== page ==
Writing a thesis? 5 quick tips that might keep your brain from going KABOOM.

apblog-mwahahahaI just finished my thesis.

I graduated.

But it was an undertaking.

And the scope is hard to realize until you’re in the midst of it, floating amongst the wreckage of countless articles, books, theories and half-realized dreams…but once I was safely ashore, I realized that there were a few things that made it very much bearable. And maybe it’ll help some other poor, cross-eyed soul in the aether.

Good luck, friends.

    Thesis Tips to Keep your Brain in One Piece

1. Choose a topic that you’re not only passionate about, but will be able to spend months of time on. It will be a topic that you will be in the thick of for a long time, so you better be able to come back to it again. And again. And again.
2. When you choose a thesis director, ask a professor who knows at least some of your body of work, someone who has challenged you to improve. It also needs to be someone you’re comfortable with.
3. Make yourself a schedule and share it with your director, so they can help keep you on track. Otherwise, you will find yourself with a lot less time than you thought and 3x the work. It’s easy to put things off. It’s hard as hell to get caught up.
4. Regardless of whether you’re an outliner or pantser, write an outline. Write many outlines–pre-drafting, during drafting, post-drafting. Keep your thesis (your whole point) in mind during every chapter, or you will find yourself adrift.
5. You won’t be able to fit everything in this sucker. Save the stuff that won’t fit for later. It’s OK. If you’re like me, you’re a glutton for punishment and you’ll go back for more. And you’ll have the material for the more already in a Word document. Which you have saved in many, many places, because you’re a good little researcher.

And breathe. A lot. Don’t cut out the fun stuff in your life, because you’re going to need that release now more than ever.

D.C. Politicians VS America’s Children = Apples VS Oranges

apples-and-orangesWhen I saw this article, I started laughing. But out of anger. The fact that people want to draw attention from the real issues to pick at a valid, relevant & much needed initiative in America.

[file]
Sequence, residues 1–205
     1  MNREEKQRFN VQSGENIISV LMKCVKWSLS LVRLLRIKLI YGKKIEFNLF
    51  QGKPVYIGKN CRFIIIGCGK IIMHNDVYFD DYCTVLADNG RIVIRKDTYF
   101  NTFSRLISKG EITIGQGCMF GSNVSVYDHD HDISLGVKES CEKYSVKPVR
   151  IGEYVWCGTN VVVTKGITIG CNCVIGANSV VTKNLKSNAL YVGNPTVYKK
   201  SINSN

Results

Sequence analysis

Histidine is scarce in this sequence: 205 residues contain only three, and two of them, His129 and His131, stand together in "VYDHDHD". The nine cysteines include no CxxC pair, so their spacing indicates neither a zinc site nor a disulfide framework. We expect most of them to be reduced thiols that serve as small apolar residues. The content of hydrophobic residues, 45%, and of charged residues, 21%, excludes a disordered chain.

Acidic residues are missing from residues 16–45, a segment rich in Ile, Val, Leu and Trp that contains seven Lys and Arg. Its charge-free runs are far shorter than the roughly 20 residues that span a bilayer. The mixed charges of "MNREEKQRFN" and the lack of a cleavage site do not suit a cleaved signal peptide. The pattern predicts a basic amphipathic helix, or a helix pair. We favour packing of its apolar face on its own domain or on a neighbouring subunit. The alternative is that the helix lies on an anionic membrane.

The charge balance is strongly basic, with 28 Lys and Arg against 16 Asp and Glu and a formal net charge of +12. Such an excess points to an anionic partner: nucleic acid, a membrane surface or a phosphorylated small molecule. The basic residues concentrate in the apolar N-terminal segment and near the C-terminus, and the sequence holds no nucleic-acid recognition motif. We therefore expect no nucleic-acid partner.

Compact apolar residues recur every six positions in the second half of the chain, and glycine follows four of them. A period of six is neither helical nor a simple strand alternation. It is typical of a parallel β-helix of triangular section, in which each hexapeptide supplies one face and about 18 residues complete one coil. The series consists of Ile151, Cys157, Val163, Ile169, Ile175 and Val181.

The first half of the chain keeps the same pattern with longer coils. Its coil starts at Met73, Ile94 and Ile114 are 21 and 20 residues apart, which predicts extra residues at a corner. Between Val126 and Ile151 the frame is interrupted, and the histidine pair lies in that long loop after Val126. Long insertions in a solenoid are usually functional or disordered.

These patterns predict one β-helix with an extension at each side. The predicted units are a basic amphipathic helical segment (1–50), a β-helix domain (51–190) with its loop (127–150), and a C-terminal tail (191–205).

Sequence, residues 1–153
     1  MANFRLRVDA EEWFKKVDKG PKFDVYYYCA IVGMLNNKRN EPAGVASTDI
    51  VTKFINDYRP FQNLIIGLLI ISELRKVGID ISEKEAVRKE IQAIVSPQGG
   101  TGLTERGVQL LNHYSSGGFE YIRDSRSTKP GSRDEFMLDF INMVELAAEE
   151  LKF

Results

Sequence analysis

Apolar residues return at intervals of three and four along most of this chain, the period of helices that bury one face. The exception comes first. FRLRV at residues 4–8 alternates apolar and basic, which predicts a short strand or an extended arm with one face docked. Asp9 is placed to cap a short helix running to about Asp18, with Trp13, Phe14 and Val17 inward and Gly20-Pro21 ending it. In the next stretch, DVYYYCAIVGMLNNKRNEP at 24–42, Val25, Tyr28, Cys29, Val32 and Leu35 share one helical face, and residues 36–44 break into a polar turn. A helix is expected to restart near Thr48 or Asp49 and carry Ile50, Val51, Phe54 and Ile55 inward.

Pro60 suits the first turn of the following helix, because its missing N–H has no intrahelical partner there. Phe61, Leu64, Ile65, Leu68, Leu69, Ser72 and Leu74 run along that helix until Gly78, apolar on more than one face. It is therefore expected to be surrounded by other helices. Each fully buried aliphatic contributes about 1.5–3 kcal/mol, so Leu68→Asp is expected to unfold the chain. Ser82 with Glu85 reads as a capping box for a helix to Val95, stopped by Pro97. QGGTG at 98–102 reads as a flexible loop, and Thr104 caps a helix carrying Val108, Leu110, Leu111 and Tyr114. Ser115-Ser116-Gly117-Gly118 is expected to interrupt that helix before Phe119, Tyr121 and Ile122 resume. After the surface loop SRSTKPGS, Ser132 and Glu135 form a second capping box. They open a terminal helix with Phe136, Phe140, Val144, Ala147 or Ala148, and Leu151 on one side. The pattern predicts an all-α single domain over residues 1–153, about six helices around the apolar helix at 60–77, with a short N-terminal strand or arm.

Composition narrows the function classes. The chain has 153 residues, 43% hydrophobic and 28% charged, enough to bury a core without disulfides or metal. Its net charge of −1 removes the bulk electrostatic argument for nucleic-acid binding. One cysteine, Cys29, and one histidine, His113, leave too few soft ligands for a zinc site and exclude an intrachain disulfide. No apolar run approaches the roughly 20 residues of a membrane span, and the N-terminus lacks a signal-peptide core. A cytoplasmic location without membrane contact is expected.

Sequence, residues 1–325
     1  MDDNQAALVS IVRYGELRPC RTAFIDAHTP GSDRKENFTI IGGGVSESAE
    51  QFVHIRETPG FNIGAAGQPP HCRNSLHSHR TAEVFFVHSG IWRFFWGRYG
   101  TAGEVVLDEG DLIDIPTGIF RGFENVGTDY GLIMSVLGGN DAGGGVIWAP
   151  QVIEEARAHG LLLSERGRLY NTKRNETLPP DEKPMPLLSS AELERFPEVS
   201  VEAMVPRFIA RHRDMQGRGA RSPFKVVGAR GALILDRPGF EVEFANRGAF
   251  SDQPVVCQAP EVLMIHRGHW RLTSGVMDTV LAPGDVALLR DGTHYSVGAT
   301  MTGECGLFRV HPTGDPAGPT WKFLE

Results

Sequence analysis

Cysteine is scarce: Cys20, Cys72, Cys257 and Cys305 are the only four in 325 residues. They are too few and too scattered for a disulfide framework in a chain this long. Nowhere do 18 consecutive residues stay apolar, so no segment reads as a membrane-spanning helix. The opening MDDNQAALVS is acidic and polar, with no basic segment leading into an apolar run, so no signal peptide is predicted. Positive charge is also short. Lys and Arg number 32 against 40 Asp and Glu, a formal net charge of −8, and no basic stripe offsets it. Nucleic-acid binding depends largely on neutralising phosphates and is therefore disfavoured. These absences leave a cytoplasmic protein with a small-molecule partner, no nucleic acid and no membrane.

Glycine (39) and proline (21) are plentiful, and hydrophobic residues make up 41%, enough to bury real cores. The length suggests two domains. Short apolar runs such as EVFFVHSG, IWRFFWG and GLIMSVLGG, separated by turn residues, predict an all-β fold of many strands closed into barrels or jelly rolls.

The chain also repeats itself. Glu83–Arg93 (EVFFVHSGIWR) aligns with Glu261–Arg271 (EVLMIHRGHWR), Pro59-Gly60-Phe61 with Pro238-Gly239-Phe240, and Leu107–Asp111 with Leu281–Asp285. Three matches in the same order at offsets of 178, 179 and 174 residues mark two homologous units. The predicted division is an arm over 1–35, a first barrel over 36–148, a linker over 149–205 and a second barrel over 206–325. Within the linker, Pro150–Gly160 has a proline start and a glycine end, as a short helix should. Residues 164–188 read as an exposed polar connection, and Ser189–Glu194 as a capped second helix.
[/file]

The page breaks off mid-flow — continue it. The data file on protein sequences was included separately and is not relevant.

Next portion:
Our children have unhealthy eating habits. I see it on a daily basis. The things we have had to change at my school have saddened the students, but it is one of the best things I’ve seen. They can’t slushies at lunch anymore. Our snacks in the vending machine only have a certain caloric count. They only have so many options for junk food, but please believe they still have that junk food.

At the very least, we can TRY to influence their habits & hope they maintain some form of it throughout their adult life. That is NOT the same as addressing the eating habits of adults in D.C. Apples and oranges.

“Obesity is a “big” problem in the United States. But when politicians pick a moral crusade on behalf of America’s children, maybe they should set a strong example and start with themselves. A look in the mirror can go a long way.”

-Kyle Becker, “Michelle Obama Lectures Kids on What to Eat for Lunch, But Maybe She Should Start with D.C. Politicians”

A look in the mirror is certainly a good idea, but it has very little to do with what Michelle Obama is trying to do with how we treat/raise our children. It is an entirely separate issue, and we have got to stop letting unrelated FLUFF detract from the issues at hand. And believe me–what senior politicians are eating in D.C vs what our kids are eating at school IS fluff.

powerful words

snippet – miles and miles of wintry sky

dsc_0305I’m often hesitant to post my writing. I’m not sure why. I guess I’m a little shy, which people who knew me wouldn’t believe, but it’s true.

I was looking over something I wrote years ago, though. Just randomly opened it and slid the sidebar a few dozen times. I landed on something I liked. I thought I’d share it. The way the main character feels upon rescue…I feel that way/this way all of the time with Jon. Like, there’s no one in the world I’d rather see & thank God it’s him.


“Captain, we’re being hailed,” a voice called.

The Captain spun about. “What? By who?”

“The Archduke, sir,” the same voice answered.

The Captain went still, and then turned to look at Zoe. “What are they saying?”

“Turn over the girl.”

The Captain roared and grabbed Zoe by her jacket, dragging her to the side of the airship where Zoe saw another, smaller but better fortified ship drawing close. Wolfen glittered along the side of the ship in golden paint. As the ship moved closer, Zoe made out the shape of a man, leaning against the high ledge that lined the deck. It was Grey Richter, his face bored.

“You want her?” the Captain barked. “Take her.”

He lifted Zoe above his head and threw her toward the other ship. It was clear he meant for her not to make it. As air rushed past her, Zoe did her best to reach out, praying she at least hit the other airship. If she could at least hit it—but then a hand seized her outstretched arm and impossibly, she was pulled to the deck of the Wolfen. She stood on shaking legs, shivering from the cold as much as from terror. Her body was jittery, her chest near exploding.

“This is the second time I’ve saved your life,” Grey said, amused. “How will you ever pay me back, Ms. Soul?” Zoe turned to him and threw her arms around his neck, unable to keep tears from rolling down her cheeks. “This is…acceptable,” he murmured, holding her carefully. She clutched his shirt, pressing her face tight to his chest.

She realized that he was supposed to be the enemy.

She realized he could very easily turn her in.

But in that moment, she recognized him as her only friend for miles and miles of dark, wintry sky.